A designer’s greatest challenge isn’t necessarily in coming up with a good design, but in coming up with a good design that is different. When the client is expecting multiple design mock ups finding the balance between a design that is innovative and unique while also maintaining a high level of usability can feel like an uphill struggle. You really like how your first design came together and the temptation can be to borrow from and lean on those same strengths in your second mock. This quickly turns the uphill struggle into a long fall down a slippery slope, and the next thing you know your two designs bear an uncanny similarity that is impossible to miss. Ever find yourself in this situation?
Know your client
Try to get a solid grasp of your clients branding strategy and message (whether the client is able to give it to you or not) before you get too far into the design process. Some clients invest more in defining their brand than others, but some research on your part of their market and competition can help you to grasp what they’re all about and what their expectations will be. Once you’ve done your research, you can begin planning out your design strategy: for example, design one could focus on one aspect of their branding, while design two will focus on another, etc. While planning out your strategy, ask yourself the following questions: can any part of their message be communicated through imagery? Are there important pieces of information that need to be highlighted in the design? Has the client made any specific design requests or suggested any similar websites that they’d like to draw inspiration from?
When working on multiple mocks for the same client, start with a new file each time. Beginning a design by deconstructing a previous mock may seem like a good idea, but you’ll likely be leaning on the crutches of your previous design, which doesn’t usually allow for a unique vision. You should always try to start fresh without any preconceptions. Sure, you may want to reuse a couple of the original design elements (text from the primary navigation, for example) but make it a point to start with a fresh canvas whenever possible.
Sites like Smashing Magazine and Pattern Tap can be a valuable asset during the design process since they’re are constantly compiling galleries of the latest design trends and showcasing unique and creative designs. The highly innovative nature of the designs means that most of the sites they showcase generally tend to be blogs and designer portfolios, but just because the site your working on is for a lawn mowing service doesn’t mean that they aren’t relevant! Observe how they manipulate the ‘standard’ layout idea and how that manipulation affects the site’s usability, how they use color and typography, how they arrange the page elements in the spacial plane, etc. Bringing in an idea from an unrelated site and adapting it to fit within the needs of a completely different project can, if nothing else, give you a fresh insight that could lead to a break through in the design.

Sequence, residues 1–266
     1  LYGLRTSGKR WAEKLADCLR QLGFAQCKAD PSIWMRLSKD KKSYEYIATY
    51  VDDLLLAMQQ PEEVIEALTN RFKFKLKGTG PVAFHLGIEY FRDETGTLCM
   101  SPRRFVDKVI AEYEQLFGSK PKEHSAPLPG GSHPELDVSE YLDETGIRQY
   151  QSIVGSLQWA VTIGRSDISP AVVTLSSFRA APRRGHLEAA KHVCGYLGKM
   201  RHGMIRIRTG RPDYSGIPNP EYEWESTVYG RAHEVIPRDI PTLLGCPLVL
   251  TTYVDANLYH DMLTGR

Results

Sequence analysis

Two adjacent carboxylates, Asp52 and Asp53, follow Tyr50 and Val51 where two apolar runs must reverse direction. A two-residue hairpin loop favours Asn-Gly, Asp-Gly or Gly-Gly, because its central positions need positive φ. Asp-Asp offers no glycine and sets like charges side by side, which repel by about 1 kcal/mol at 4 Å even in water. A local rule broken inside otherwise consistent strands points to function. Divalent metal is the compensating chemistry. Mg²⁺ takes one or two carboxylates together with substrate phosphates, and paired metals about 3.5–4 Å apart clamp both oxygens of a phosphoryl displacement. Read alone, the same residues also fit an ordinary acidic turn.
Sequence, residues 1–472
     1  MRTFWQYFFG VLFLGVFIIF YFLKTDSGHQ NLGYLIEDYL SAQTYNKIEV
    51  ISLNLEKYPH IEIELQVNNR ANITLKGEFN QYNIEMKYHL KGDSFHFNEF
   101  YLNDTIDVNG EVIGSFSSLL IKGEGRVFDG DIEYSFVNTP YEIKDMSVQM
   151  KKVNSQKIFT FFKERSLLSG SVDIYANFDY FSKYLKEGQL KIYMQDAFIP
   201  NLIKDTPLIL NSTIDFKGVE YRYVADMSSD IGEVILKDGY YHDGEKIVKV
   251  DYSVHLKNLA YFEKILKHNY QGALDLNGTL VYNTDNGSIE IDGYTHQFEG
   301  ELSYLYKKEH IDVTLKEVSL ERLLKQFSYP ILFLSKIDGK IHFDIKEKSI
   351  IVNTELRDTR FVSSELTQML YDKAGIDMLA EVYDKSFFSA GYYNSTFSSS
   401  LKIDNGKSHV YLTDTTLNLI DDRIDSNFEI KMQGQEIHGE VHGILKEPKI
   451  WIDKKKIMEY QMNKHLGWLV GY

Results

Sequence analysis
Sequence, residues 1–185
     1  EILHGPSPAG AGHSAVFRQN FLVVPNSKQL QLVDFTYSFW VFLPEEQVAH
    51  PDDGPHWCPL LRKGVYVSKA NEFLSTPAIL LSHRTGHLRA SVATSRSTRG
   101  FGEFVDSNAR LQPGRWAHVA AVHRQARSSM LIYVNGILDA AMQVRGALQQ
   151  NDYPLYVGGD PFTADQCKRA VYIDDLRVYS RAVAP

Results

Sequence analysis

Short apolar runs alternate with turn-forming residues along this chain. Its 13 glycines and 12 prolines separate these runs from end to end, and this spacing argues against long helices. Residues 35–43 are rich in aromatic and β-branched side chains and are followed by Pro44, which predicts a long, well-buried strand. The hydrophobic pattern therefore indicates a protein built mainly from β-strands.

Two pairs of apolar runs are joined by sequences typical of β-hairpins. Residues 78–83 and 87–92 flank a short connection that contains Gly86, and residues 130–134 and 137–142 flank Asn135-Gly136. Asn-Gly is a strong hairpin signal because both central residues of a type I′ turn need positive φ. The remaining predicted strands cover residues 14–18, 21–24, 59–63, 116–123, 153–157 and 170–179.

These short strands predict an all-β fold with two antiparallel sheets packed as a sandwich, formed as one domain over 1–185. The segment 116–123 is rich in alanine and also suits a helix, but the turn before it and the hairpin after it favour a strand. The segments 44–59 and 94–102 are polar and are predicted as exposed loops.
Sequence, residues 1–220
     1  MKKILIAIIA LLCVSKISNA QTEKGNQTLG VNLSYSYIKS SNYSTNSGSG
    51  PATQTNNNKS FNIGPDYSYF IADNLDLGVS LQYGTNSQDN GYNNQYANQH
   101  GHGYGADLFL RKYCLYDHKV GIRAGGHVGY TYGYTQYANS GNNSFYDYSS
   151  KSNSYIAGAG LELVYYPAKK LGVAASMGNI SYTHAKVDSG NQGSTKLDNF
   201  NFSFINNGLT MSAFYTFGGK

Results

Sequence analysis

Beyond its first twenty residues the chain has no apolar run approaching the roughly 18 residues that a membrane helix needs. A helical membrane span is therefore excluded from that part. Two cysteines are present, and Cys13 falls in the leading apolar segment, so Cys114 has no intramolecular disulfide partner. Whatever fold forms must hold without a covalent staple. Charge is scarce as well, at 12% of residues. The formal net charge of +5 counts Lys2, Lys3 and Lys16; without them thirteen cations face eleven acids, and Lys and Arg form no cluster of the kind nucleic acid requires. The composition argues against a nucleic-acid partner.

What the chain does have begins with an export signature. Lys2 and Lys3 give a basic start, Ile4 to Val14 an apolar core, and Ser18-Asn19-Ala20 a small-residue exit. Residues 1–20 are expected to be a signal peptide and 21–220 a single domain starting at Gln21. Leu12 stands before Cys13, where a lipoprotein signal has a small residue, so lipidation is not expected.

Take a break!
When you get to the point that you feel like you’re in a rut, your shoulders are starting to hunch, and you get that twitch in your eye, and it’s already long past time for a coffee (or tea!) break, roll your head back and stare at the ceiling, touch your toes, take a quick walk outside, or do whatever it takes to get the blood flowing again. This is one of the most common pieces of advice you can find on getting past a creative block, and for good reason!
Try a different tool
Some designers swear by their pen and paper rough drafts. For others, the idea of starting anywhere other than Photoshop is completely out of the question. However, if you find yourself staring at the same Photoshop document for an extended period of time with the same vacant expression on your face, it might be time to change mediums. Concordantly, if your sheet of paper just isn’t doing it for you, try hopping into Photoshop or Illustrator. The change of setting and tools can free you from thinking within the confines of your usual tool set and give you fresh ideas on a new approach to the design.
What do you do when you find yourself in a rut?